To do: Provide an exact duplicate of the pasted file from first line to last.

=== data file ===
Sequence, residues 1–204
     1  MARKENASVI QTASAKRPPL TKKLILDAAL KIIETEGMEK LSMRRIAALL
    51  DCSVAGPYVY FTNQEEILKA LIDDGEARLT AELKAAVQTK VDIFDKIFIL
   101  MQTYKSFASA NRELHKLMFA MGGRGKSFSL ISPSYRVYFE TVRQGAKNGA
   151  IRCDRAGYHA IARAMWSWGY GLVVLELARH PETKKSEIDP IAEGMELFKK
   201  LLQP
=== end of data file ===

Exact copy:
Sequence, residues 1–204
     1  MARKENASVI QTASAKRPPL TKKLILDAAL KIIETEGMEK LSMRRIAALL
    51  DCSVAGPYVY FTNQEEILKA LIDDGEARLT AELKAAVQTK VDIFDKIFIL
   101  MQTYKSFASA NRELHKLMFA MGGRGKSFSL ISPSYRVYFE TVRQGAKNGA
   151  IRCDRAGYHA IARAMWSWGY GLVVLELARH PETKKSEIDP IAEGMELFKK
   201  LLQP